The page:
Monday, July 10, 2017

Blessing the new moon...

"From now on, this month will be the first month of the year
 for you. Announce to the whole community of Israel that on
 the tenth day of this month each family must choose a
lamb or a young goat for a sacrifice, one animal for each
household." Exodus 12:2-3 (NLT)
       Kiddush Levanah (Hebrew: קידוש לבנה; trans. Sanctification of the Moon) is a Jewish ritual, performed outside at night, in which a series of prayers are recited to bless the new moon.
       The source of the Kiddush Levana is in the Babylonian Talmud, (Sanhedrin 42a), Rabbi Yochanan taught that one who blesses the new moon, in its proper time, is regarded like one who greets the Shechinah (Divine Presence), as it is written in Exodus 12:2:, "This month (is to be for you the beginning of months..)”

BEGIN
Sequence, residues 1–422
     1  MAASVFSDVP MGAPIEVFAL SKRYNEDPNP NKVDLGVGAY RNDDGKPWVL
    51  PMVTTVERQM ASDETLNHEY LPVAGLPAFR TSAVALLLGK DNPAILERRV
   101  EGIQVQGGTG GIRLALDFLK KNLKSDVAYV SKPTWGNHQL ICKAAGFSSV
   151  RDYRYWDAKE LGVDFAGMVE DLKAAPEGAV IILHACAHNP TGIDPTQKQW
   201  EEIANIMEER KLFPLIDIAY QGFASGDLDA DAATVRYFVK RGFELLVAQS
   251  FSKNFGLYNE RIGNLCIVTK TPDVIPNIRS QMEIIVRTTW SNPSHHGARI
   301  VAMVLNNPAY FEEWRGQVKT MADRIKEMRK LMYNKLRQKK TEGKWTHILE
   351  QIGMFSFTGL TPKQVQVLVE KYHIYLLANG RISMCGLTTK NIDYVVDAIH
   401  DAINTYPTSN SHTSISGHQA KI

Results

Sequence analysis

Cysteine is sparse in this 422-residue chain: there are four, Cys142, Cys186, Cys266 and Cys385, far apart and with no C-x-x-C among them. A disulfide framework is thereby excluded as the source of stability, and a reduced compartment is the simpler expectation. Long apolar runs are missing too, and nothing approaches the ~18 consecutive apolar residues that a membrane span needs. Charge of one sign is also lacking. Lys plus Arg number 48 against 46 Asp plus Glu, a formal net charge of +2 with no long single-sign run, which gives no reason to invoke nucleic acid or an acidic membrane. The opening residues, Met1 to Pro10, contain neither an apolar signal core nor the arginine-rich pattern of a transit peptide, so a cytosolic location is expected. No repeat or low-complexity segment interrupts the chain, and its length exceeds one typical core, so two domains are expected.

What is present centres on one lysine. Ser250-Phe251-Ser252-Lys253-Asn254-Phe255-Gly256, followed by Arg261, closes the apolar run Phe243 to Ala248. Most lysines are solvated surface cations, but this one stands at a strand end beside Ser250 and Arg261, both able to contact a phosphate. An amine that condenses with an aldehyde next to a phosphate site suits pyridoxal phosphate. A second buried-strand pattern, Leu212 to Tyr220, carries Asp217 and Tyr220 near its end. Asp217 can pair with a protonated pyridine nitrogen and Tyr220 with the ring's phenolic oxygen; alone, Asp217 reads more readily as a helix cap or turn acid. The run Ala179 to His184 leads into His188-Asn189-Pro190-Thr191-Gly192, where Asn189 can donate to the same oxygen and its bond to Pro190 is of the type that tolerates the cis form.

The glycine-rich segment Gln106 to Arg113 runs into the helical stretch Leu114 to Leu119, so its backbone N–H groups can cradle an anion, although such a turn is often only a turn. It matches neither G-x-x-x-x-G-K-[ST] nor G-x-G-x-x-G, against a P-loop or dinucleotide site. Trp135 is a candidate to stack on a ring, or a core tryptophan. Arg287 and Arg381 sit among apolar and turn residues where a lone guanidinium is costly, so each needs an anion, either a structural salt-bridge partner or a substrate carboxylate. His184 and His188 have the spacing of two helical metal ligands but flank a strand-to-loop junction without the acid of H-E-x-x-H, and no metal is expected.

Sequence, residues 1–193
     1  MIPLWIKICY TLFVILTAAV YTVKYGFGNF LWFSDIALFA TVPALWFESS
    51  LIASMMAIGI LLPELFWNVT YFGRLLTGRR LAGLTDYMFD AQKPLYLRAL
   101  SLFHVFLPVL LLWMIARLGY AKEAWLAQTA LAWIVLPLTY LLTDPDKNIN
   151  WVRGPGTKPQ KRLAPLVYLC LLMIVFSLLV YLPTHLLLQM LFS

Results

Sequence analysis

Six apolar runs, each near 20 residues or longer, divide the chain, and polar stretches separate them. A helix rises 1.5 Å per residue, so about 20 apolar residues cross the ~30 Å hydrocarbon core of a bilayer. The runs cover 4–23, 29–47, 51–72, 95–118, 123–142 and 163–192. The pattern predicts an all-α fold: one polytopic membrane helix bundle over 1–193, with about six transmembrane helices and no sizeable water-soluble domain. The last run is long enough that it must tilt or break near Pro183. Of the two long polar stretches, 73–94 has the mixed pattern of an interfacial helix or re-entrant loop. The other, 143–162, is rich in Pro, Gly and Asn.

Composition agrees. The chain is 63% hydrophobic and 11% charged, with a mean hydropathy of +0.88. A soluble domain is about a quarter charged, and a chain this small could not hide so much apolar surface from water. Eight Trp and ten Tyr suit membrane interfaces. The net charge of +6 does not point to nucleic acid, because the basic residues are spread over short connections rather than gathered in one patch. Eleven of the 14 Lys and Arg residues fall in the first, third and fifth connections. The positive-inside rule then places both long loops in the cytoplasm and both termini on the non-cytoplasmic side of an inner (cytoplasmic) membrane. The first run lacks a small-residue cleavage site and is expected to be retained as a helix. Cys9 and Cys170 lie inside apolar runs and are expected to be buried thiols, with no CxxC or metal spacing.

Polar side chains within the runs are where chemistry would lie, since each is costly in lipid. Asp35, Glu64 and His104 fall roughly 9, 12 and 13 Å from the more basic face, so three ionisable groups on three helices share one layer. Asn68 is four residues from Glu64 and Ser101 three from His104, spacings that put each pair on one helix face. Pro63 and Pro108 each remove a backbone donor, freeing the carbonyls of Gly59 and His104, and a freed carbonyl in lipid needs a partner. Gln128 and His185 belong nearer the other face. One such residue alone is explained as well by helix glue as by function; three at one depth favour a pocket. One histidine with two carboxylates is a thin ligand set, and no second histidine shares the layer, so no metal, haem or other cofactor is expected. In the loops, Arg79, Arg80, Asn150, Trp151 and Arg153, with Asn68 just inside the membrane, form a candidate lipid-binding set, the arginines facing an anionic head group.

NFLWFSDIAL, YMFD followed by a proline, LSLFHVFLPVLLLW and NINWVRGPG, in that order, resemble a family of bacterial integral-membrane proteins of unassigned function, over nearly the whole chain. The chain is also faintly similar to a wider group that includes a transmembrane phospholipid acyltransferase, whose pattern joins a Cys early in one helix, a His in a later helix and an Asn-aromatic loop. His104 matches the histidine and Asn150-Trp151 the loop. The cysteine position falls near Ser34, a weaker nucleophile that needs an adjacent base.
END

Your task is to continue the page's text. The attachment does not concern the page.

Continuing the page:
This verse in Exodus 12:2 is the source of what is considered to be the first commandment in the Torah, which is to sanctify the new month, and is based on the lunar calendar. Although Kiddush levana is not the method of sanctifying the new month, we may be able to understand Rabbi Yochanan's opinion that one who ‘blesses the new moon’, is also showing respect to the first commandment in the Torah, and therefore it is like greeting the Shechinah (Divine Presence).
       Many synagogues post the text of the prayer in large type on an outside wall. Read more...

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